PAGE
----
In celebration of International Migrants day on December 18th, Our SEIU-West Multicultural Mentorship Committee is sharing their stories of what it was like when they first came to Canada.

Jeanne is a Licensed Practical Nurse (LPN) and the Chair of the Multicultural Mentorship Committee.

Here is Jeanne's story:

When I came here to Saskatoon, it was June 14, 1997, so weather wise, it was still ok.  

I was so culture shocked socially, because I came from a place where we do not talk to strangers; that was instilled to us since the day we learned how to socialize. On the other hand, coming here, a total stranger will greet you good morning or good afternoon and will ask, “How's your day?” it was totally a different experience, especially to a person like me who rarely got out and socialized. I was so used to being alone and walking in silence and waiting for transportation quietly. Here, strangers start a casual conversation. At first, I was tongue tied all the time. To add to my misery back then, I was so conscious of my spoken English. I was so scared to answer the phone that I would stare without answering it. Took me months to actually get used to the warmth of how accommodating and friendly Canadians are.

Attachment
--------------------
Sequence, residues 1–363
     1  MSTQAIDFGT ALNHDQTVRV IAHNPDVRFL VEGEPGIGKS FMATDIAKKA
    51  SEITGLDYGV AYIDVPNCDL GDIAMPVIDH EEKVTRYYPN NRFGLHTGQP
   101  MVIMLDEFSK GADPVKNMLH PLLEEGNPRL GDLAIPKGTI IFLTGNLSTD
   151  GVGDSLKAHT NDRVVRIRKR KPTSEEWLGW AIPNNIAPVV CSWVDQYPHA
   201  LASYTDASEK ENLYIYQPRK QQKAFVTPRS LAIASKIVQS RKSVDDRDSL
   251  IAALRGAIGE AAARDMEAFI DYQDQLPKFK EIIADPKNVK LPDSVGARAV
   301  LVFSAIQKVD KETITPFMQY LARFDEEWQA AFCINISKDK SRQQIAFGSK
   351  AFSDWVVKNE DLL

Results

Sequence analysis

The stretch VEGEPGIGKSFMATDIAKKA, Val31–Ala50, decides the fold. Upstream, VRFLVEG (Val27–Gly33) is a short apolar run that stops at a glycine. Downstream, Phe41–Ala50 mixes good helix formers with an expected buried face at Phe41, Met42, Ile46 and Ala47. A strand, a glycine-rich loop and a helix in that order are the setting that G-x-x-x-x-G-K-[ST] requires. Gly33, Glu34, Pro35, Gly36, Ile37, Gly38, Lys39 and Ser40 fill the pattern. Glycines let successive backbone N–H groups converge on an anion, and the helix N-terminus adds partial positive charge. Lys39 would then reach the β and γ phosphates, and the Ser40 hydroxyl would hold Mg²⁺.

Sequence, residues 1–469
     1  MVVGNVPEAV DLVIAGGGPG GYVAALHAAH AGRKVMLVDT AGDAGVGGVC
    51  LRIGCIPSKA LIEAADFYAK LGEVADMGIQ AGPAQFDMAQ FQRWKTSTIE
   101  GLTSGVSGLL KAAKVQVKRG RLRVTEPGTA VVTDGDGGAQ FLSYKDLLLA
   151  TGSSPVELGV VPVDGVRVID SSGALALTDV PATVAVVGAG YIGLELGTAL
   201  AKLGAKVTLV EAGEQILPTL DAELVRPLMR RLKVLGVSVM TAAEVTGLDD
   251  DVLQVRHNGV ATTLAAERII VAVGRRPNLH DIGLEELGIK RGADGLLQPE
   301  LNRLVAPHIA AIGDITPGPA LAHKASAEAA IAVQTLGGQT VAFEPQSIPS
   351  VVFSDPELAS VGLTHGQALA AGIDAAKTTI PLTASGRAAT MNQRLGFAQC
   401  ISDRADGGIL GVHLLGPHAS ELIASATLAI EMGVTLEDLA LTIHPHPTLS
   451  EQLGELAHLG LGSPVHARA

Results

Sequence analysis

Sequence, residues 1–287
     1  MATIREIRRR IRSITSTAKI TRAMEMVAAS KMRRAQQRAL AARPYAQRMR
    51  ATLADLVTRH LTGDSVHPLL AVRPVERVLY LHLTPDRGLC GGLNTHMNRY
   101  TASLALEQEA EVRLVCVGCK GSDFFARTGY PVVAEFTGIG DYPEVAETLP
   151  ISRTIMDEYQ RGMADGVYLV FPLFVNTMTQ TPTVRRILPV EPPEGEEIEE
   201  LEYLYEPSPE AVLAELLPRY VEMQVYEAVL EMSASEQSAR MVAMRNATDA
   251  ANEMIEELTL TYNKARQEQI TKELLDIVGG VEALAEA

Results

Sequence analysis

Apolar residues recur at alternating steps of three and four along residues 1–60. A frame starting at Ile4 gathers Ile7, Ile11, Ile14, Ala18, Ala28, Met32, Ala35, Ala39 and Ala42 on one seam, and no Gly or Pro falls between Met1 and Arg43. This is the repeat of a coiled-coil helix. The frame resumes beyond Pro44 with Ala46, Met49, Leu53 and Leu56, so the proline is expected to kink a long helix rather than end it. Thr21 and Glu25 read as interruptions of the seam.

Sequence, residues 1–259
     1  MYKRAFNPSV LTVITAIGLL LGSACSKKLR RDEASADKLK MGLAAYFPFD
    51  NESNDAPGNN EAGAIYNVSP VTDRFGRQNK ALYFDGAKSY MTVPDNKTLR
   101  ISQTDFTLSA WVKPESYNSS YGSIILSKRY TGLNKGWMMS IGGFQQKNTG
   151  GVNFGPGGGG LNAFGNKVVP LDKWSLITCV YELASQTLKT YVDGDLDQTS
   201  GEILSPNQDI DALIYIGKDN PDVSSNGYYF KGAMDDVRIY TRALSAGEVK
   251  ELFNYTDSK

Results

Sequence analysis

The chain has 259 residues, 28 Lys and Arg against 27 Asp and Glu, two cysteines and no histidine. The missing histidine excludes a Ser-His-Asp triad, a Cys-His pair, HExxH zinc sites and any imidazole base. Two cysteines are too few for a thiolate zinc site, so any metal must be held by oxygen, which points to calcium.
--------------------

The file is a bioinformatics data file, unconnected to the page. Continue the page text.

Weather shock came after a few months, I didn't want to get out of the house because of the cold weather. 😫 

Then when it comes to validity of my education, I was so miserable that my degree wasn't accepted here in Canada. I'm so fortunate that I had the motivation to work my way to where I am now.

I know coming here in Canada, at first, it was very overwhelming and challenging. As the days turned to months and months into years, I learned how to adapt and how to actually survive winter and the new culture without losing my own culture. I always remind myself that even though I'm so conscious of my spoken English, it is my strength that I'm bilingual. And our culture is not a weakness, it is my strength. 

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